How to Lie to Tell the Truth and to Create Drama in Fiction

Fiction offers truth more than all the facts. Emerson said, “Fiction reveals truth that reality obscures.” After him, Stephen King said, “Fiction is the truth inside the lie.” If you can’t lie, how can you write fiction and how can you tell that internal truth?

Take a simple news story with two policemen driving with the head of a doll on their car’s antenna Sherry Dyson . This news story may be disturbing to some in the news media, but it has possibilities for fiction. Now, how can you lie about this news and tell an impacting truth inside your lie?

Quite a few possibilities exist. The doll’s head could be a real head and the two policemen could be mob members, and you have the initial idea for a murder/mystery story. The doll’s head could be a voodoo doll’s head that can come to life and perform supernatural acts to scare people, including the two policemen in the car. This should make a good horror story. Conversely, the two policemen could be aliens dressed as policemen, and anyone who approached their car could be transported through a time machine to a distant galaxy. This could be a science fiction story. Better yet, you might take the news story as is and develop the characters of the two policemen and write a literary story, showing approval or disapproval for the way they act.

Truth is, any news story can be turned into fiction, and you can tell the inside truth of it with more power than the original news.

After you come up with the main idea but before you start on the complications of your story, make sure to have the setting and character portrayals in place. Most writers are pretty good in finding the initial idea with or without the news stories, but when it comes to developing the story, some get stuck. If, such a thing happens why not look inside daily life to fabricate the complications?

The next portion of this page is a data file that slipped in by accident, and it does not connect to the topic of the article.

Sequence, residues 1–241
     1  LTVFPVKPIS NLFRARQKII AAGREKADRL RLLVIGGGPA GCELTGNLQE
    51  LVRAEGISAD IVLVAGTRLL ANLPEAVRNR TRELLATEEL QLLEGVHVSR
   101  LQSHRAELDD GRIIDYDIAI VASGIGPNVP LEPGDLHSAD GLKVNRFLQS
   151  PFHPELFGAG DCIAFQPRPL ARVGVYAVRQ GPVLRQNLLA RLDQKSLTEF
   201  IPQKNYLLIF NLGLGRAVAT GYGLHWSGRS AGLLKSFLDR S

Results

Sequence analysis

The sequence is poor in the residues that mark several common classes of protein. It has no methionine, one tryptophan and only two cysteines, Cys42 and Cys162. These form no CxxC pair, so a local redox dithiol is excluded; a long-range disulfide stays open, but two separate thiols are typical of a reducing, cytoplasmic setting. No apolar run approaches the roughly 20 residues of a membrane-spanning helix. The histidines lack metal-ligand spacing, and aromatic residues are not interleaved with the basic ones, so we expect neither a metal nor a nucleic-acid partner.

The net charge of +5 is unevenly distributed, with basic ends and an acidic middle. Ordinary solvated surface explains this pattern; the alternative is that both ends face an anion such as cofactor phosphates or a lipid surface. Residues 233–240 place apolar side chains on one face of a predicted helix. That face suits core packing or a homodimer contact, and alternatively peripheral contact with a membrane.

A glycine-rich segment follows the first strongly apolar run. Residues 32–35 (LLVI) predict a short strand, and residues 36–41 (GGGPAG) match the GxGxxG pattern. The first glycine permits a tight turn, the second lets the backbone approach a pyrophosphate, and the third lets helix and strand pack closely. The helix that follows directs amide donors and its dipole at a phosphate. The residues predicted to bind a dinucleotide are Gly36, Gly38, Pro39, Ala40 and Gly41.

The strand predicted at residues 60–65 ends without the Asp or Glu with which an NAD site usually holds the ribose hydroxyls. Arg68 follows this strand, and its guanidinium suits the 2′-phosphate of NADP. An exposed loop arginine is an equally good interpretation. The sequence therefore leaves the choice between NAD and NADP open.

Think of simple events that complicated your life. Maybe your shoe strap broke while you reported to your boss at work. Maybe your insurance company dropped you for no reason. Maybe your quick-tempered mother called and complained of your uncaring attitude. These facts can be interesting blog material, but if you used them in fiction as they are, who would read it?

Here your writing license comes in handy. You will need to exaggerate and lie about the complication until it becomes more exciting than what it was in real life. For example, your broken shoe strap could be the policemen’s car tires getting a flat while they dealt with an angry crowd; or if you are writing the science fiction story, the transporter beam could malfunction and people in transport could find themselves in a totally different part of the universe.

A complication or series of complications build the conflict to create the drama, and they are especially powerful when they spring from the strength or the weakness of your main character. Let us look at a few ways of handling and plotting complications.

If you solve the complication right away or too easily, the reader will regret that he bothered to read the story, wondering if this is all there is. An example would be, in the science fiction story, if you minimized the complication and then let the people land in a friendly planet to live happily ever after.

If the complication is solved through coincidence or by an act of God or a secondary character finding the way out, readers will feel cheated, and the editors will send you a rejection slip. If we stick with the science fiction story, some examples to this would be: An interstellar storm hits the transporter and things get fixed on their own, like magic, or another spaceship appears out of the blue and fixes the transporter, and all is well with the universe.

Novice writers tend to depend on the coincidence or chance happening a lot, especially when they plot themselves into a hole and cannot figure a way to get out of it. If this happens, concentrate on the main character. Considering his traits, how would the protagonist solve this problem or sink deeper into it? Remember to have no easy solutions and no mercy for the main character. The more trouble he is in, the more exciting the story. Even Eleanor H. Porter let the candied optimist Pollyanna lose the use of her legs and sink into depression. Then, she made her fight to find her old self again

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